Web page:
Piñata Farms grows Honey Gold crop

For fresh produce marketing in Australia and New Zealand
Matthew Jones

BY MATTHEW JONES

@matt_fruitnet

Piñata Farms grows Honey Gold crop

Leading Australian producer progresses its growth plans for the mango variety with new plantings in Northern Territory

Piñata Farms grows Honey Gold crop

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Encouraged by a record campaign for Australia’s mango industry, Piñata Farms is scaling-up production of its Honey Gold offering.

The company ­– which holds the Australian breeding rights to the variety – will plant more than 18,000 Honey Gold trees at its Northern Territory farms before the middle of this year. The additional trees will be planted at Darwin and Katherine, with commercial production set to come online by 2021. 

This is in addition to the 16,000 trees Piñata has planted at its joint venture farm with LaManna Premier Group at Humpty Doo, near Darwin, where it expects to pick fruit next season.

Lindsay Hewitt, Piñata Farms’ mango production manager, said the company would no longer produce a crop at Wamuran, south-east Queensland, favouring the tropical conditions of the Northern Territory instead.

Piñata’s growth plans for the variety come after a strong 2017/18 season, which saw it produce 30 per cent more fruit for national consumption than the previous year. The performance was in line with a record performance for Australia’s mango industry, with 10.7m trays of fruit sold over the campaign.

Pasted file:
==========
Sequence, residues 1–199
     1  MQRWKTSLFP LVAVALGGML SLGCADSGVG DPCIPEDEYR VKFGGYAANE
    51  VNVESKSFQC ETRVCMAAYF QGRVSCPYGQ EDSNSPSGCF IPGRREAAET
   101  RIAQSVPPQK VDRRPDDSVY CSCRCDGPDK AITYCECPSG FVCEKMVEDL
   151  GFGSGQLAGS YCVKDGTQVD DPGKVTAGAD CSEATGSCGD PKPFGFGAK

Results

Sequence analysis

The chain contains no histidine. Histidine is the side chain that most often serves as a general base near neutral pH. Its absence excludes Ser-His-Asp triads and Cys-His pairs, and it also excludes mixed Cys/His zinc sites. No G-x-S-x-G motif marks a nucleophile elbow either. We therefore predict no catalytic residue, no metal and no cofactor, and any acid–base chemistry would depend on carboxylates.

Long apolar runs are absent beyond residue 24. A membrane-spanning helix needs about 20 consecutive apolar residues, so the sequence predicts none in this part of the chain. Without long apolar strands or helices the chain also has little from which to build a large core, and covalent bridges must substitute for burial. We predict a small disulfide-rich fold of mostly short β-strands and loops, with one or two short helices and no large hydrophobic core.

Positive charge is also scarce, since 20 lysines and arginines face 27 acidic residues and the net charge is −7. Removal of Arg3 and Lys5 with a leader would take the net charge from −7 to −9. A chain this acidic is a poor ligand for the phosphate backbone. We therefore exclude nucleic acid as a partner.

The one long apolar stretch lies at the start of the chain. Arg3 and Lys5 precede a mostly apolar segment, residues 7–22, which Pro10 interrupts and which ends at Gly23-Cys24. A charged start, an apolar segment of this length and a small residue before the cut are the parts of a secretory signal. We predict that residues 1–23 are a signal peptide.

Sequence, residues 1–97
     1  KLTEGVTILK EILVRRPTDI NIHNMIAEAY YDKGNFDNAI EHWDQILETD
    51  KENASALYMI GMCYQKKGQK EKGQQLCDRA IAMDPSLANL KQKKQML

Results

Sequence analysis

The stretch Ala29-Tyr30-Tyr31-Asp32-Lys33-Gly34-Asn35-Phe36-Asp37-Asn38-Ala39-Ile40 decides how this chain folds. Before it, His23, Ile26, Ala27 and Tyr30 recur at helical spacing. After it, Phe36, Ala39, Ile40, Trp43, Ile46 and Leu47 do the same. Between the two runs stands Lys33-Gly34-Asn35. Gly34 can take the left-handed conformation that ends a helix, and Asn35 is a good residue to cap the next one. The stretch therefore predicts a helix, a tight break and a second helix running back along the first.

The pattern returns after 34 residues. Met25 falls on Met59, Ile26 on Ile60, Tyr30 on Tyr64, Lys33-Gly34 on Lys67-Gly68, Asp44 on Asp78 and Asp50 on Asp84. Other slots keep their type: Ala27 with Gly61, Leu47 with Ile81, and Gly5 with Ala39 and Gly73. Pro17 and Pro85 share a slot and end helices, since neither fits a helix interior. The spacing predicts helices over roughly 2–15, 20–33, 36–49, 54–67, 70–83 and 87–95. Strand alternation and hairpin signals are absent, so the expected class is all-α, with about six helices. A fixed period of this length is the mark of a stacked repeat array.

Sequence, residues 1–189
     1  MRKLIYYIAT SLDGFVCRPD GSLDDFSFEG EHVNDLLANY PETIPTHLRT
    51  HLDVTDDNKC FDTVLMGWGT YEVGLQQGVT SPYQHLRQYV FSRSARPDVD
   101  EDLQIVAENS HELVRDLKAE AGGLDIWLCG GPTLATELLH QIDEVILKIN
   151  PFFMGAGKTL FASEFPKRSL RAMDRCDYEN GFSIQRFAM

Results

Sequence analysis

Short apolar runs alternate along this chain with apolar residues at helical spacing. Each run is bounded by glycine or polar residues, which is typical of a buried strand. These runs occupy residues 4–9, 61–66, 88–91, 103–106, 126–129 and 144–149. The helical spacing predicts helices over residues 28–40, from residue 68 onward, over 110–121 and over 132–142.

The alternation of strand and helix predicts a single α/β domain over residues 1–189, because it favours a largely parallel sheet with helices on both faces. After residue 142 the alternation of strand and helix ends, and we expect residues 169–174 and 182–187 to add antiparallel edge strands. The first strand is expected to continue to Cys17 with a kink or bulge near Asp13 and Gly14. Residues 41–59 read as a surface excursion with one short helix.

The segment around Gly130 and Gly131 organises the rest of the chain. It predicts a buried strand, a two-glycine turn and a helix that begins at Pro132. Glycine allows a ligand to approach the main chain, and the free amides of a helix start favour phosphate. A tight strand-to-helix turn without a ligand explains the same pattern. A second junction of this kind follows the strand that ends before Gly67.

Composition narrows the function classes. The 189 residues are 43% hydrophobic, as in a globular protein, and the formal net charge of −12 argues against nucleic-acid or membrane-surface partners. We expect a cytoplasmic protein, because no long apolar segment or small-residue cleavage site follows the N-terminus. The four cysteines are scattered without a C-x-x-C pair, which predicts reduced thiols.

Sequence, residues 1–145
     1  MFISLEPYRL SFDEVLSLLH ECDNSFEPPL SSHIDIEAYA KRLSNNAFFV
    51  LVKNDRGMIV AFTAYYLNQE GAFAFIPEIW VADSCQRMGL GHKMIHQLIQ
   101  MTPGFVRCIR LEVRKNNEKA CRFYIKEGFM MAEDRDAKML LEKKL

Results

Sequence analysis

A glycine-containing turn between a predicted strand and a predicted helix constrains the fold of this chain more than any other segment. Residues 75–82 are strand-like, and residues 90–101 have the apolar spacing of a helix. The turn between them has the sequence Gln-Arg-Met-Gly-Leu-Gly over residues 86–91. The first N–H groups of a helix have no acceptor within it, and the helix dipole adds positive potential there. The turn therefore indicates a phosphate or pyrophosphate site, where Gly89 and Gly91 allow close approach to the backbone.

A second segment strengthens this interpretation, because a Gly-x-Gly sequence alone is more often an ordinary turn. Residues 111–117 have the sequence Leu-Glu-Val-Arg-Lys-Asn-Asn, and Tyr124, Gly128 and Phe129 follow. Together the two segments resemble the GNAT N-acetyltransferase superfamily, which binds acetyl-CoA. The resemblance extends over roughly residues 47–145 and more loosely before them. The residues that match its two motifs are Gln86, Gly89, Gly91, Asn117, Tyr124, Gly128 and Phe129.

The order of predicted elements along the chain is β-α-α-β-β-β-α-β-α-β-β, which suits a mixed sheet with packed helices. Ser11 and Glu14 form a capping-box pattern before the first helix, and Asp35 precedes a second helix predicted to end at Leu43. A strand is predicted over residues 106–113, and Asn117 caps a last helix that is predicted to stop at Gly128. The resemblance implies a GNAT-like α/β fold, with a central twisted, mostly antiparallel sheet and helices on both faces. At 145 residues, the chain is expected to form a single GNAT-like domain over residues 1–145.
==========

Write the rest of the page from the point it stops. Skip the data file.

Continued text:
"Consumers were spoilt for choice over summer with a plentiful supply of all Australian mango varieties,” explained Piñata Farms’ key account manager Rebecca Scurr.

“Prices were also keen and quality was consistent yet consumers were still willing to pay more for premium Honey Golds. As an exclusive producer, the biggest test is when you're competing against other varieties in a record year and consumers consistently choose Honey Gold.”

Piñata Farms and some 30 contracted growers produce Honey Gold mangoes in the Northern Territory, Queensland, New South Wales, Victoria and Western Australia between November and March. Scurr said growers experienced near-perfect conditions in all five states over the 2017/18 season.

“A cool winter to induce flowering, followed by a temperate spring so that flowers' hold, is conducive to producing fruit in abundance. When fruit is abundant naturally, it also tastes great," Scurr said.

 

 

 

 

 

 

 

 

 

 

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